A refined musical palette assumes the need for a balance between mindless entertainment and artists whose output runs counter to mainstream influences. As fly by night profiteers frequently enter and leave our consciousness, it is the vanguard who employ a brave and nearly haphazard unwillingness to compromise their creative visions that are remembered through time’s annals. Production impresarios Madlib and Georgia Anne Muldrow (most recognized for appearances on Mos Def’s The Ecstatic and both parts of Erykah Badu’s New Amerykah series) are two such evolved figures beloved for disciplined approaches placing the root of their craft at a much greater premium than a quick payday. Together they have combined energies resultant in Seeds, the latest addition to their already extensive legacies.
Given her habitual predilection for going against the grain throwing left of center experimental curveballs, Georgia Anne Muldrow’s presence has been a consistent misfit within popular urban culture. Seeds finds her carrying forth a divine self-appointed mission and a progressive aesthetic descendent from a time and dimension altogether foreign to the age we live in. Bolstered by the show stealing versatility of Madlib’s sampling forte, the project is a heartfelt manifesto for improving humanity reminiscent of antiquated ideologies from the ’70s, evinced by the title track’s dedication to the youth. Where Georgia’s driving passion to the heal the world is reliant on her personal ethnic foundation as she chants African harmonies on “Calabash” and “The Birth Of Petey Wheatstraw” stems from a blaxploitation reference, she also sets sights a broader scope with the subversive message of saving water wells on “Best Love.” A slight drawback comes as the comprehension of her lyrics often requires greater effort than today’s most commonly absorbed songs, but her vocals are comprised of an honest and raw essence that speaks to her uniquely honed talent.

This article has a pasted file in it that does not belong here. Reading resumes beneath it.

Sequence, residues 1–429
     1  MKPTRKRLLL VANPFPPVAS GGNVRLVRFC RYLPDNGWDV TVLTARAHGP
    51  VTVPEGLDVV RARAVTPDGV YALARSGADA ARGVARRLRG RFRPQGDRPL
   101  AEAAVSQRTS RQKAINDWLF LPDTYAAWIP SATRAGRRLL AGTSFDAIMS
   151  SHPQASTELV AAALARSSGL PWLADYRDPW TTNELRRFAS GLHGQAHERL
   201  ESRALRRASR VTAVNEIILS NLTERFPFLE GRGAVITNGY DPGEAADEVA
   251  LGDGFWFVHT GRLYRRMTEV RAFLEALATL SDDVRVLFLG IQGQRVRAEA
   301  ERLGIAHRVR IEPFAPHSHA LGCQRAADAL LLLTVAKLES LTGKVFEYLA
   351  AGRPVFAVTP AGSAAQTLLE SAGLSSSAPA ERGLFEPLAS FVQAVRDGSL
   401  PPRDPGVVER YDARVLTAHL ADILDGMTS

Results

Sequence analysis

Georgia Anne Muldrow carries a lofty plan to enrich humankind through her music, as Seeds teaches the spiritual lessons she’s learned in the ways of love and experiencing life’s offerings that arise from understanding. While her voice may be a point of contention for newcomers and the album’s content risks going over heads in its catering to the progressive sect, openminded listeners will find fortune, self-esteem, and inspiration from her constantly growing womanhood.